Chicago in the late nineteenth and early twentieth centuries was second only to New York as a center of both thoroughbred racing and off-track gambling. Its complicated history is one of political influence and class; the business of racing; the cultural and social significance of racing; and the impact widespread opposition to gambling in Illinois had on the sport.
A new book considers these topics and looks at the nexus between horse racing, politics, and syndicate crime, as well as the emergence of neighborhood bookmaking, and the role of the national racing wire in Chicago.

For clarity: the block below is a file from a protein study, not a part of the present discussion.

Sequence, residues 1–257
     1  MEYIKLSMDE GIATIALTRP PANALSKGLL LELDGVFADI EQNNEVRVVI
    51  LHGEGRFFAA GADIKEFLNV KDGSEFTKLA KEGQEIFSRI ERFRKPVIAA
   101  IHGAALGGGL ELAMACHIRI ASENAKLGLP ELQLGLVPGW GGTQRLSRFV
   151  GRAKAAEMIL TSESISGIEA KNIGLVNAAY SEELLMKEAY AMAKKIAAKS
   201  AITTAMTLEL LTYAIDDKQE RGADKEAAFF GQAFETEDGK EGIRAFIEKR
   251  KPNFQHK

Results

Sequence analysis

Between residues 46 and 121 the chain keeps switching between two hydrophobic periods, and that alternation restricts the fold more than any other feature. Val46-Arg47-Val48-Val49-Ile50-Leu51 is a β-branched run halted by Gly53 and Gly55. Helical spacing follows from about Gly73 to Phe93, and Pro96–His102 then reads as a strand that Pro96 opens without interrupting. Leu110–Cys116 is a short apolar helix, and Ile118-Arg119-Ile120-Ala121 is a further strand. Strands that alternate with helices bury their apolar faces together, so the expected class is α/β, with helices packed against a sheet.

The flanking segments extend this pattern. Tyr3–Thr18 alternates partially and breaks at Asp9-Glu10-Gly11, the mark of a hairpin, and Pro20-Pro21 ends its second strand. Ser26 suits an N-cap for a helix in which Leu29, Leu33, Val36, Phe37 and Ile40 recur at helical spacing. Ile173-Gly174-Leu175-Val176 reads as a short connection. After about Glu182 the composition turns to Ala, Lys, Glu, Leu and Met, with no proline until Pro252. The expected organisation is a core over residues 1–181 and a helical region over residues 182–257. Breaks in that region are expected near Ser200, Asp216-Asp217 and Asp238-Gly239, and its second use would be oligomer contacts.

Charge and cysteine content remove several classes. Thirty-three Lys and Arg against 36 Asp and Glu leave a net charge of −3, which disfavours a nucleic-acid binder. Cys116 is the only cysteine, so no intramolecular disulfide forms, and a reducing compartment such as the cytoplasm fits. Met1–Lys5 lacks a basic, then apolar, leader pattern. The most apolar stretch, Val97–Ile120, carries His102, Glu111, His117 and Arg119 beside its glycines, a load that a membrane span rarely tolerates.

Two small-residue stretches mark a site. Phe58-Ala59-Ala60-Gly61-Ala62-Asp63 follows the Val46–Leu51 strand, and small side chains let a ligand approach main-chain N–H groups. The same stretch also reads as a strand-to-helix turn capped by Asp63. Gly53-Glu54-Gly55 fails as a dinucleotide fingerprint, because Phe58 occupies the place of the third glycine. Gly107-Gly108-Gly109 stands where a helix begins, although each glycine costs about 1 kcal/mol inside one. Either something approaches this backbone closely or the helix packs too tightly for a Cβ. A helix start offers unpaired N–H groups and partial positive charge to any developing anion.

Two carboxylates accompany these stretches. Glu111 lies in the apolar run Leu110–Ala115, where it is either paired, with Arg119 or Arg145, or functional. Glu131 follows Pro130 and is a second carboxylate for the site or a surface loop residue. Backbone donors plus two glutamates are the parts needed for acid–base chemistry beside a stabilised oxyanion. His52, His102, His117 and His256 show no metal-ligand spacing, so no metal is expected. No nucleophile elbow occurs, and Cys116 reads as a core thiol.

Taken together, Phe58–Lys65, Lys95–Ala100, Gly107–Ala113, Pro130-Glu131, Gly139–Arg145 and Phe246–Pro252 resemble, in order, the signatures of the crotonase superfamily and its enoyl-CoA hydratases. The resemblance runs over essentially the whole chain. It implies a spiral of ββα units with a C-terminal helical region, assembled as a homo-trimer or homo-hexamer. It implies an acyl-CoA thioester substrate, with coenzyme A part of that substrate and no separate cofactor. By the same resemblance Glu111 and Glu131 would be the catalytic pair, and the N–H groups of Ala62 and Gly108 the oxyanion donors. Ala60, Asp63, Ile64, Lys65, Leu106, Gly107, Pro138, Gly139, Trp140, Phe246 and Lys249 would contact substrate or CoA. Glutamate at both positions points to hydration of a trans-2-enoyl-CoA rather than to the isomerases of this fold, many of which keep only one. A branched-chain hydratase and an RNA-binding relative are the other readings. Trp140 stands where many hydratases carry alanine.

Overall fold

Horse Racing the Chicago Way: Gambling, Politics, and Organized Crime, 1837-1911 (Syracuse University Press, 2022) by Steven A. Riess chronicles the extraordinary rise and fall of thoroughbred racing, the most popular American sport in late nineteenth-century Chicago.
Steven A. Riess is emeritus professor and former Bernard Brommel Distinguished Research Professor in the Department of History at Northeastern Illinois University. He is the author of several books, including The Sport of Kings and the Kings of Crime: Horse Racing, Politics, and Organized Crime in New York, 1865–1913 (2011), runner up for the best book in non-fiction for the Society of Midland Authors.
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